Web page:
Energy and Environment Monitor
The Administrative State Crumbles
June 17, 2019
By: Blair M. Gardner
The EPA issued a new guidance document on June 7th instructing other federal agencies and the states how they should interpret and implement §401 of the Clean Water Act (“CWA”). Individually, it is a modest step taken to fulfill an executive order issued earlier this year and will be followed by a new rule updated existing EPA’s §401 regulations. Viewed in context, it is another brick removed from the administrative edifice created by the prior administration.
Section 401 is a little-known provision of the CWA that authorizes the states to certify that activities associated with a federally-issued permit will not impair water quality in the state where the permit will operate. It has been discussed by the U.S. Supreme Court only twice in cases in 1994 and 2006, each of which concerned hydroelectric dams licensed by the Federal Energy Regulatory Commission (“FERC”). See PUD No. 1 of Jefferson County v. Washington Department of Ecology, 511 U.S. 700 (1994); S.D. Warren v. Maine Board of Environmental Protection, 547 U.S. 370 (2006). In more recent years, the §401 certification process has been weaponized by environmentalists to delay and ultimately deny authorization. Their primary target has been the oil and gas pipelines needed to deliver Marcellus-sourced shale gas into metropolitan New York and New England. Those projects, like the hydroelectric dams that were the subject of the Supreme Court cases, are also authorized by a FERC permit.
The June 7 EPA guidance focuses on three topics: 1) the timeline in which a state may exercise its rights of §401 certification; 2) the scope of certification review and the imposition of conditions to satisfy certification, and 3) information within the scope of the certification review.
The first issue is the one that has been most subject to abuse by states that disfavor projects requiring certification. States have one year in which to act on a certification request. Previously, EPA had decided that the clock began to tick when the underlying permit was deemed complete. This will change, and a state must act within one year once certification is requested. There is no tolling language in §401 so the one-year period will not stop and start based on requests for additional information. If the state denies certification, then its decision may be challenged by a permit applicant. If the state fails to act, then its right of certification is deemed waived by the language of §401.
The second issue - the appropriate scope of the review - is one that EPA has stated it will discuss in further detail in its future rulemaking. Under the CWA, the §401 certification process is designed to allow the states to verify that all discharges associated with the federally-issued permit will comply with the applicable provisions of the state’s water quality standards and effluent limitations as well as some other enumerated CWA provisions. Conditions may be added to the §401 approval to ensure this outcome. In some states, however, the §401 certification review as becoming a grab bag for broader environmental concerns. EPA is likely to provide additional clarity about the scope of review in its future rulemaking.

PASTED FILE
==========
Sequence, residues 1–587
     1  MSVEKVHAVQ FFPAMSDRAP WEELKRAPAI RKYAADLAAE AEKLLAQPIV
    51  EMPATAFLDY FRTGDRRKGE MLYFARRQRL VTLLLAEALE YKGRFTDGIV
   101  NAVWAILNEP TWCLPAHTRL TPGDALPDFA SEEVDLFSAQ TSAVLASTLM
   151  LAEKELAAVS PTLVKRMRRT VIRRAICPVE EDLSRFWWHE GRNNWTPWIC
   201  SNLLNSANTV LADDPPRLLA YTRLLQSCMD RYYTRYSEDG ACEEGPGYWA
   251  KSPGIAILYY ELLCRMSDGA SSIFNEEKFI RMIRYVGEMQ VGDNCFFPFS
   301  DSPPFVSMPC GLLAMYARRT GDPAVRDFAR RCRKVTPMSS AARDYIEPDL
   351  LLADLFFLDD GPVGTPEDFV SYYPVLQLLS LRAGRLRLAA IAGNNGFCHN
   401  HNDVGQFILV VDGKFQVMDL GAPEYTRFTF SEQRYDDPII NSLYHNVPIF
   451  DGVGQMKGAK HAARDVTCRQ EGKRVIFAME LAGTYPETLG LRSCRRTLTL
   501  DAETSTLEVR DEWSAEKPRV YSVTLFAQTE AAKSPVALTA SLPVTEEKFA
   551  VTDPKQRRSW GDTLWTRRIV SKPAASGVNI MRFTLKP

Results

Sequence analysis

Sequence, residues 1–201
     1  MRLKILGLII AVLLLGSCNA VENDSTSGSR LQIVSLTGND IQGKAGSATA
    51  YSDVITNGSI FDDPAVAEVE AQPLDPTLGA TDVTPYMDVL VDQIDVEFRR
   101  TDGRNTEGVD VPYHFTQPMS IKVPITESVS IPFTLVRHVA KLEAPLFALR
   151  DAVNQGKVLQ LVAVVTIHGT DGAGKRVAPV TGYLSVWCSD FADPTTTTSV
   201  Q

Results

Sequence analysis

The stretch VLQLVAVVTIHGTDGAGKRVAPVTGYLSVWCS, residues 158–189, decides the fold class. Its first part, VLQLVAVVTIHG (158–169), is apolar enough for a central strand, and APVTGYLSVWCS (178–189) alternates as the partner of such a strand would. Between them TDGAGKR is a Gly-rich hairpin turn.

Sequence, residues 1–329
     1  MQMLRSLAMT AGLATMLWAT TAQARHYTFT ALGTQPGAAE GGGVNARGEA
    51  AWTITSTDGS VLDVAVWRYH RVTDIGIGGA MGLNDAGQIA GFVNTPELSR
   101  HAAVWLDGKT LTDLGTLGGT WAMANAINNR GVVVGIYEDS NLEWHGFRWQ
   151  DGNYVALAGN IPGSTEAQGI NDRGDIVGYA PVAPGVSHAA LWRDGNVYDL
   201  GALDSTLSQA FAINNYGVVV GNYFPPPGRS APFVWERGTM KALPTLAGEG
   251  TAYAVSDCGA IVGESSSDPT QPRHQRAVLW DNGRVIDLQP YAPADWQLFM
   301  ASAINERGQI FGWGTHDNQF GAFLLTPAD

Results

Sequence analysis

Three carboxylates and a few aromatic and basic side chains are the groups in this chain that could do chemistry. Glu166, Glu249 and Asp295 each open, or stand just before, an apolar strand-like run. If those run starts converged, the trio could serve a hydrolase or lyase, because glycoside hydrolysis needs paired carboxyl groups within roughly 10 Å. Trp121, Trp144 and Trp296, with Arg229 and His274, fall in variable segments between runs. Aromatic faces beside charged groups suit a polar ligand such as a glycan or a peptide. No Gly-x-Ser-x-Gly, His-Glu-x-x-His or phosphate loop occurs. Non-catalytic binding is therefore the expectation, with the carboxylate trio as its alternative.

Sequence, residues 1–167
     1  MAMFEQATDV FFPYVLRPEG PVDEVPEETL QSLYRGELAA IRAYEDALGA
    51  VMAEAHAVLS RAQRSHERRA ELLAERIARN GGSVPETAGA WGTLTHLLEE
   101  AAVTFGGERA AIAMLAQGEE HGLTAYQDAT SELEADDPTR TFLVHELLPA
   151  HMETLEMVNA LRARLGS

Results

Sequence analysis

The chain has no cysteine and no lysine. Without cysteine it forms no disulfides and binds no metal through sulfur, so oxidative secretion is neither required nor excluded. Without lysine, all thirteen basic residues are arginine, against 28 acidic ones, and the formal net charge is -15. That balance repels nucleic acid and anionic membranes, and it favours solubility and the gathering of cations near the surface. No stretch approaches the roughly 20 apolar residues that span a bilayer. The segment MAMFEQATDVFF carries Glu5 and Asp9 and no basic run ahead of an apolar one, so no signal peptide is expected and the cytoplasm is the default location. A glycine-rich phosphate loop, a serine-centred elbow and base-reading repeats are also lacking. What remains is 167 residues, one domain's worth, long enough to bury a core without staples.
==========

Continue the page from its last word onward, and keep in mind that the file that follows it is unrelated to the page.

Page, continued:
Finally, the scope of information relevant to a state’s review is likely to narrow in the coming rulemaking. One of the games played in recent years in the §401 review is the “request for information”, which is the demand that additional data or discussion be provided on some aspect of the project to allow the state to proceed with review. Since some states have treated the time during which the permit applicant gathers and provides the additional information as tolling its certification decision, it has prolonged the process for securing the final the §401 certification, thus thwarting whatever federally issued permit is issued. This gambit will come to an end as EPA is likely to confine information needed for review to whatever information is contained in the federal permit application.
EPA commenced its rulemaking for revising the §401 certification process on April 15th by requesting pre-proposal recommendations from the states. That information request ended before Memorial Day. Expect the agency to take at least a year to propose new regulations, receive comments, and issue a final rule. As with most environmental regulations, the goal will be to have a final rule in place before Inauguration Day of 2021. Given that §401 certification is a process, new regulation may be more difficult to dislodge regardless of which party occupies the presidency in 18 months.